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The billionaire playgrounds of Jackson Hole and Aspen are getting richer, according to government data, which shows residents of these ski resorts — along with Manhattan — commanding the highest personal income in the U.S.

Per-capita income in Teton County, Wyoming, tops the list at almost $252,000 on average. Home to the wealthy enclave of Jackson Hole, it is the only county to exceed $250,000 in data going back to 1969.

Pitkin County, Colorado, which includes Aspen and its surrounding cities, has long lured millionaires and billionaires to its slopes. Some of the business luminaries who have had financial stakes in the region include Koch Industries’ Charles Koch and investor John Paulson.

Pitkin ranks third among U.S. counties in per-capita personal income, at $149,207, according to data from 2018 released earlier this month from the U.S. Bureau of Economic Analysis.

Some west Texas communities such as Midland and Glasscock counties, both part of the booming Permian Basin oil-and gas-producing region, also fared well. Per-capita income rose about 43% in Midland in the decade through 2018, BEA data show.

In Pitkin County, high incomes aren’t shared equally among its nearly 18,000 residents, contributing to a shortage of affordable housing. About two-thirds of the workers in Aspen and nearby Snowmass commute into the area, often from as far as 75 minutes away, said Karen Peirson, chair of the Aspen Board of Realtors.

And it’s no wonder, as Aspen’s year-to-date median price for a single-family home hit $6 million, data from the Realtors group show. The median price of a condo or town home is about $1.8 million.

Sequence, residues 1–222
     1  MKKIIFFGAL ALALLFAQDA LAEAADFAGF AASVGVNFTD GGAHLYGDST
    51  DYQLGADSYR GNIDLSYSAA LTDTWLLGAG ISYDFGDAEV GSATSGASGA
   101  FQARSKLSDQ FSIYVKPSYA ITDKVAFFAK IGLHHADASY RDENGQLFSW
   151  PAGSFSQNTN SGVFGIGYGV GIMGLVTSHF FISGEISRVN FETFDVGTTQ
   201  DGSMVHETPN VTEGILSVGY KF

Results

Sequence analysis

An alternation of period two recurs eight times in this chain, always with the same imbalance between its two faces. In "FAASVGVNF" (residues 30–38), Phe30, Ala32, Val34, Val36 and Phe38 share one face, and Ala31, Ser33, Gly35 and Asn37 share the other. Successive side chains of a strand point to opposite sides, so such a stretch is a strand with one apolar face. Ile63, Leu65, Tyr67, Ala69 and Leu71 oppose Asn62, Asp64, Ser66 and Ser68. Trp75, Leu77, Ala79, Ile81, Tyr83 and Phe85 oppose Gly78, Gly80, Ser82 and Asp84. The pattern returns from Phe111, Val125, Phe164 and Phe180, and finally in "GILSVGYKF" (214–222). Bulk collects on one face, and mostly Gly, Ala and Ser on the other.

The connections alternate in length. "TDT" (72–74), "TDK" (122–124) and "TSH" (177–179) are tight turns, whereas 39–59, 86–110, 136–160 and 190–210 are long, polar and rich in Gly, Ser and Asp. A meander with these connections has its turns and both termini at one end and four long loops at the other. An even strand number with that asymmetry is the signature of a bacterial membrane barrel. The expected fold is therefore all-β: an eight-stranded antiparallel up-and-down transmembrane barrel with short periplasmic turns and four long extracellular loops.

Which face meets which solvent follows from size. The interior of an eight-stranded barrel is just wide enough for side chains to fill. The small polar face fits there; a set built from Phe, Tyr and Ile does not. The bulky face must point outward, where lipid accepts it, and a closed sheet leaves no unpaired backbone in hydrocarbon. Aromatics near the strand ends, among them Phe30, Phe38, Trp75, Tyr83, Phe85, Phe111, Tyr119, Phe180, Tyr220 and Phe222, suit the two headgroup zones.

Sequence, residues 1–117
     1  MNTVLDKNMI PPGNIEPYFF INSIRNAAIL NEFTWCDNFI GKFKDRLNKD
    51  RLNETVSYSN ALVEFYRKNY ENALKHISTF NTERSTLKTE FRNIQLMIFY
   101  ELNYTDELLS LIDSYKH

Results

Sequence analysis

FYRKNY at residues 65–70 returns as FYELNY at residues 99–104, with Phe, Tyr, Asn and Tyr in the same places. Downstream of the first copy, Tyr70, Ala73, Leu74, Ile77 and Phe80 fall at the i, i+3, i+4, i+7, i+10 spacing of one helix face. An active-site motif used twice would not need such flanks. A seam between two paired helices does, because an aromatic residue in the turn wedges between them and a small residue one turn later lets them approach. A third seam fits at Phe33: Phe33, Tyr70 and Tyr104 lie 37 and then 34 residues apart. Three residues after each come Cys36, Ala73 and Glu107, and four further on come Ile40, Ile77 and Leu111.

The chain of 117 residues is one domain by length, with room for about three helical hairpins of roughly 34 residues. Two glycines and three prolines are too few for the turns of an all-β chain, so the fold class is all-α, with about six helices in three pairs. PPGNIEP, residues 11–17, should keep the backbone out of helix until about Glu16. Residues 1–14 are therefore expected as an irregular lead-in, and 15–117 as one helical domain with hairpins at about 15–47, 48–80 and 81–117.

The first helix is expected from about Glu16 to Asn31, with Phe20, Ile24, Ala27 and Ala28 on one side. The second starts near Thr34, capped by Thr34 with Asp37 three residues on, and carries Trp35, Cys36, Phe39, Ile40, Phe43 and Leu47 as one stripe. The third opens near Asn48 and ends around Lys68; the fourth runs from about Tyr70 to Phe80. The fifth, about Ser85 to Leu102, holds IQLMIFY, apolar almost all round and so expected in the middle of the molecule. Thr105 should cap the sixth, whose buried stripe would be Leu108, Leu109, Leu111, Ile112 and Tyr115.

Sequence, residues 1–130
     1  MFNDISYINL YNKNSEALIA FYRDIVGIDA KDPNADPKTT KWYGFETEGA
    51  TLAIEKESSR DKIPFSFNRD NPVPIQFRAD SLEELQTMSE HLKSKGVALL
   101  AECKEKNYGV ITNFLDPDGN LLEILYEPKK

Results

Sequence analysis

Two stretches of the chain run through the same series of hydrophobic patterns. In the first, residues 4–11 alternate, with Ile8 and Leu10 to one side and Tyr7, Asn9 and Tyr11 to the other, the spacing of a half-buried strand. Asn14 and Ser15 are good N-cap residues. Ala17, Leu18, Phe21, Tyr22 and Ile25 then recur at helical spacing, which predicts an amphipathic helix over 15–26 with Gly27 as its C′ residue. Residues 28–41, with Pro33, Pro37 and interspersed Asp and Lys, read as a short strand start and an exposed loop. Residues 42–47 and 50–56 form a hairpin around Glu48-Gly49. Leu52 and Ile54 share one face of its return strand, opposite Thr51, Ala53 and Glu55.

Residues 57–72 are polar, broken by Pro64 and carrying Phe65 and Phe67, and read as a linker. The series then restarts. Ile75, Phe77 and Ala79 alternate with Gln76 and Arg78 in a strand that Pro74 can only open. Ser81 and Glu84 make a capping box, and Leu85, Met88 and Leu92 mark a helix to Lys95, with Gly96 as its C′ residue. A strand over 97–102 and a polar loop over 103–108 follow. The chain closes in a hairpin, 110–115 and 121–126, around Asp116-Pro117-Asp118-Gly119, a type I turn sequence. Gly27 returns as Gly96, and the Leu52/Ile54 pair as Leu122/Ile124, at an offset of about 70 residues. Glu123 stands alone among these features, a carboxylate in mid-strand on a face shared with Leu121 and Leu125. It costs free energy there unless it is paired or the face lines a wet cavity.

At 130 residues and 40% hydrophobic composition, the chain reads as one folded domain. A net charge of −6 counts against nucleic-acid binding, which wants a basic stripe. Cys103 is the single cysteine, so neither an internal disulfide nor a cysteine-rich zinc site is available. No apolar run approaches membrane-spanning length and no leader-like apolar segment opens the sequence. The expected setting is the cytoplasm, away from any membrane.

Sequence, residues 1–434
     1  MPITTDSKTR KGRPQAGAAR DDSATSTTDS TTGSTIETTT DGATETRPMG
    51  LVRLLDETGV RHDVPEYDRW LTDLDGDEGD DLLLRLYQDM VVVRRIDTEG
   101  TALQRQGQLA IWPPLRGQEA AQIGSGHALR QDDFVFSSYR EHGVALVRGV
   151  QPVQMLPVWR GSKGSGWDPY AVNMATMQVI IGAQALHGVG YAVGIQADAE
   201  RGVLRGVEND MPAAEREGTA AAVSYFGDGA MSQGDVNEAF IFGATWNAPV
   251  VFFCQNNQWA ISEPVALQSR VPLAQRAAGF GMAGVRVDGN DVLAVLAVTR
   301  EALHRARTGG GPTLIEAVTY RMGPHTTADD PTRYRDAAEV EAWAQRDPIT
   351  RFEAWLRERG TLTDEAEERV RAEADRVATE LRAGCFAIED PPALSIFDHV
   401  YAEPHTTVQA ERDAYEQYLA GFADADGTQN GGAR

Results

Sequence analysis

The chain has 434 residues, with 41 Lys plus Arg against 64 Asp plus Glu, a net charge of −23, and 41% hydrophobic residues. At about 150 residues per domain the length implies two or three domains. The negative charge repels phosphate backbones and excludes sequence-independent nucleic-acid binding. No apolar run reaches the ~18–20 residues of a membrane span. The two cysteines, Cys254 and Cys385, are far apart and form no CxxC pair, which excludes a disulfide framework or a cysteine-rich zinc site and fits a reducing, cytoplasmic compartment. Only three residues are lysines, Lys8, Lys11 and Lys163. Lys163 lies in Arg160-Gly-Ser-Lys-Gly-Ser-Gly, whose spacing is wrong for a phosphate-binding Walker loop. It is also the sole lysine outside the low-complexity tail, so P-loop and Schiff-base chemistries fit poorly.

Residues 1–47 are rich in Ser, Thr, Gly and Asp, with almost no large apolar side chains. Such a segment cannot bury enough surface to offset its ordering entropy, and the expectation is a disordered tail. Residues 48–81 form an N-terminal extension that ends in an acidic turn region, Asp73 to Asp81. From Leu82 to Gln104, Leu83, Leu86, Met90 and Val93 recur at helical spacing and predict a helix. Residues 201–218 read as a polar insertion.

There seems to be no let-up in demand this year, Peirson said. The community is trying to to tackle home-affordability with a program capping rents and price-appreciation of some condos and houses.

Across America, total personal income increased in 3,019 counties, or 97% of the total, and decreased in just 2.9%, according to estimates released by the Bureau of Economic Analysis. That includes wages, proprietors’ income, dividends, interest, rents, and government benefits by county residents.

On a per-capita income basis, which factors in the change in population, 2018 marks the largest share of counties with a positive increase since 1981, based on a Bloomberg analysis.

In 2009, during the last U.S. recession, per capita incomes declined in more than 2,000 counties. The midpoint per-capita income among all counties was $41,977 last year, with the Southeast claiming about half of all counties in the poorest 50% of communities.

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